PLEASE NOTE:  Gold Coast Spine does not perform these investigations, we are supplying information for your reference only.

When do I need an X-ray of my spine?

X-rays are used in a spine surgeon’s practice for many reasons, including the assessment of the alignment of your spine and the range of motion of your spine, as well as to detect the presence of instabilities in your spinal column.  X-rays do not show soft tissues particularly well but they are useful for the assessment of bony structures.

Your surgeon at Gold Coast Spine may require you to undergo a number of different types of x-rays during the investigation of your condition, during any stay in hospital for surgery, and post operatively. 

How do I prepare for my X-ray?

In most cases, there is no special preparation for an X-ray of your spine. Generally you will be able to eat and drink normally on the day of the scan and you can continue to take any prescribed medication. 

It is also important that you bring your referral letter or request form and all x-rays, previous CT scans, MRIs or ultrasounds taken in the last 2 years that may be relevant to why you are having the x-ray. The radiologist may like to compare the information or see if your condition has changed since your last scan.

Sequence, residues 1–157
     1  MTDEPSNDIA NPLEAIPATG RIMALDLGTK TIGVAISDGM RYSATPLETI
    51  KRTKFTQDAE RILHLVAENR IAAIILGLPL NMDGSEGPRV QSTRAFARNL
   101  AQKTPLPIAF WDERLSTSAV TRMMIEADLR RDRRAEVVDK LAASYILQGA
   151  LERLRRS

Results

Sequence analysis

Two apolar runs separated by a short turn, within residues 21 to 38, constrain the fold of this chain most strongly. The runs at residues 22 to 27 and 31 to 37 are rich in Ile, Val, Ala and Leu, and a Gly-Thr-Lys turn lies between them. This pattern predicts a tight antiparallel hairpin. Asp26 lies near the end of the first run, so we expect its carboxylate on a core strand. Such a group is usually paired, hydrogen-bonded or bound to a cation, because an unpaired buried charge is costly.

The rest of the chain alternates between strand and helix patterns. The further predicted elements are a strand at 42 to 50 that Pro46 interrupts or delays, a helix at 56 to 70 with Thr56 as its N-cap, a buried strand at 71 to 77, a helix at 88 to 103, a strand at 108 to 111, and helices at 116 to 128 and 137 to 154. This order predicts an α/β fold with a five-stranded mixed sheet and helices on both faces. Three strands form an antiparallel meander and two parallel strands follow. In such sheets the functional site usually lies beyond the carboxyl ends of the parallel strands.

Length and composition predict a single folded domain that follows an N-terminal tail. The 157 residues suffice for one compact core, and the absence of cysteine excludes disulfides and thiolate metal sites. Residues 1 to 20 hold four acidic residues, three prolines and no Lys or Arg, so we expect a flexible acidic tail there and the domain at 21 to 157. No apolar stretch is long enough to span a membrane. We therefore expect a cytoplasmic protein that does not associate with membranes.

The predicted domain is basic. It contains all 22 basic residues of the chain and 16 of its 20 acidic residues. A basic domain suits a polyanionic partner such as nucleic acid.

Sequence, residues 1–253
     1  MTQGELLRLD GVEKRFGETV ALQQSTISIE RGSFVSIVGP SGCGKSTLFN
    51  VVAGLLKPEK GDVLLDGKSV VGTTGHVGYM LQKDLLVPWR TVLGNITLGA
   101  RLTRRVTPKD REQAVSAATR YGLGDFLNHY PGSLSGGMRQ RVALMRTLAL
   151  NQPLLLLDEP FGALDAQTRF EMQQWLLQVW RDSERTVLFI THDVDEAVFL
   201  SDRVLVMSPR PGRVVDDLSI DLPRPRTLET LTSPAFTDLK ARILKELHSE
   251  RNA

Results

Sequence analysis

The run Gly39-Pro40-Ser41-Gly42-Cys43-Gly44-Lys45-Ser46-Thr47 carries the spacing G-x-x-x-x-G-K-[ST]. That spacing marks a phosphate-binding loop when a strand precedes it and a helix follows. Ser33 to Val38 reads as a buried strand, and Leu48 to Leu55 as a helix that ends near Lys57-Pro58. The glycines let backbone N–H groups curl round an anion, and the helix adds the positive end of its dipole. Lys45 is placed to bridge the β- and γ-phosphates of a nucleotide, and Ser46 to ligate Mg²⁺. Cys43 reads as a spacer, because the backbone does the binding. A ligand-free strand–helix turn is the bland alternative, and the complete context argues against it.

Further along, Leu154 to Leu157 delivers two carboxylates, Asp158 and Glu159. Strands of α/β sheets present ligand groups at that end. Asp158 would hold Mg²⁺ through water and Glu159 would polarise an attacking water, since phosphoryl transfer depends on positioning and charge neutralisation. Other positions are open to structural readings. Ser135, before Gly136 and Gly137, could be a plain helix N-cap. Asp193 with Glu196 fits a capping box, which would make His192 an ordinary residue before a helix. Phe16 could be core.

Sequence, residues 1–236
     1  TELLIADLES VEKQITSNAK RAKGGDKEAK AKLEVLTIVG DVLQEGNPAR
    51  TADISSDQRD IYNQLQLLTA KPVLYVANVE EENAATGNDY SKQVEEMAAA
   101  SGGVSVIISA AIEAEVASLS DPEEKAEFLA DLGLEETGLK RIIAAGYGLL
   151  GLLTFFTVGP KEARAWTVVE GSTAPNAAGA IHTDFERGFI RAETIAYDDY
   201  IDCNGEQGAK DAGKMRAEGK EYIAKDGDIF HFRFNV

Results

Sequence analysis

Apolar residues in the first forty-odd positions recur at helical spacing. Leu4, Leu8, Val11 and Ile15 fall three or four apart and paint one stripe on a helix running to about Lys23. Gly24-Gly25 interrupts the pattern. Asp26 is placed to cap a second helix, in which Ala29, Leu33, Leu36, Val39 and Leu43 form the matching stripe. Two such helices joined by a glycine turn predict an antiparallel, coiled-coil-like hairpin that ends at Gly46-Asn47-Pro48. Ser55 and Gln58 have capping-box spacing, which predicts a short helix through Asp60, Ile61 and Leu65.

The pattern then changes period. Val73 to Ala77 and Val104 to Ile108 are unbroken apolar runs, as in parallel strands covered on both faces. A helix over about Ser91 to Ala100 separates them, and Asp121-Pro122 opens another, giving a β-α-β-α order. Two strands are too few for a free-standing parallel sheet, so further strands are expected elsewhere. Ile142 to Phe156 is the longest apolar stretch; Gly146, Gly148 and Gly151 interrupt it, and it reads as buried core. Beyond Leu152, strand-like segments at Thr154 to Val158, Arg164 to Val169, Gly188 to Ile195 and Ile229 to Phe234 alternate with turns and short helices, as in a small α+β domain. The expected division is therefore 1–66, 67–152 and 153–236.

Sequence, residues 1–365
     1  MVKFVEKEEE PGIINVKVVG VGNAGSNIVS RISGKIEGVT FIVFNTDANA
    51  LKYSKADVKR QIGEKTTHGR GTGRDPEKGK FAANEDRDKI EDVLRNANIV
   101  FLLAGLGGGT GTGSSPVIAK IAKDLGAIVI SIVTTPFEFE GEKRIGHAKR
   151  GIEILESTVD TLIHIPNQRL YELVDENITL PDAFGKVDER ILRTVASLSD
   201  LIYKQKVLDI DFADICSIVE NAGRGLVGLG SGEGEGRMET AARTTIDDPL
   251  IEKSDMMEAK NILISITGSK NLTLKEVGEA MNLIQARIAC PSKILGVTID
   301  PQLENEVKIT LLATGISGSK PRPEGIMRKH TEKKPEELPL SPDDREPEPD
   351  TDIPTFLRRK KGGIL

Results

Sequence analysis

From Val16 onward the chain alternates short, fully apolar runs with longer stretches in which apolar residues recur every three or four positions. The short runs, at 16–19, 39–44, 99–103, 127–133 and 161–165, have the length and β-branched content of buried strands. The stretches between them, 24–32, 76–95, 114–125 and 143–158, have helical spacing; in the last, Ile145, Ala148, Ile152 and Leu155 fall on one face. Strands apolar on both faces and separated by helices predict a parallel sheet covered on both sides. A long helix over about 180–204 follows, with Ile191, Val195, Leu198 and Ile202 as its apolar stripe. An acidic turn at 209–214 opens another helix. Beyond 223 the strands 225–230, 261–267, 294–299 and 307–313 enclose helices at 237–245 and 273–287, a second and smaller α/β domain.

How is an X-ray done?

Before the x-ray is taken, you will be asked to either lie on a flat bed or stand against a flat surface.  This is done so that the part of your body to be x-rayed is positioned between the x-ray machine and the photographic plate.  The x-ray is performed by a radiographer who will position your body and ask you to remain still.  The part of your body being examined will be exposed to x-rays for a fraction of a second. 

What are risks are associated with X-rays?

X-rays involve very brief exposures to radiation. An increased lifetime cancer risk is a rare risk due to this exposure to x-rays. In view of this exposure this test should also be avoided in female patients who are, or may be, pregnant.

Delivery of Results

After you X-ray, the images will be reviewed for clarity and accuracy by the radiographer. Following that a specialist radiologist will interpret the images; however, this takes some time. A copy of the X-ray images and the radiologist report will be delivered to your surgeon. This delivery generally takes several days.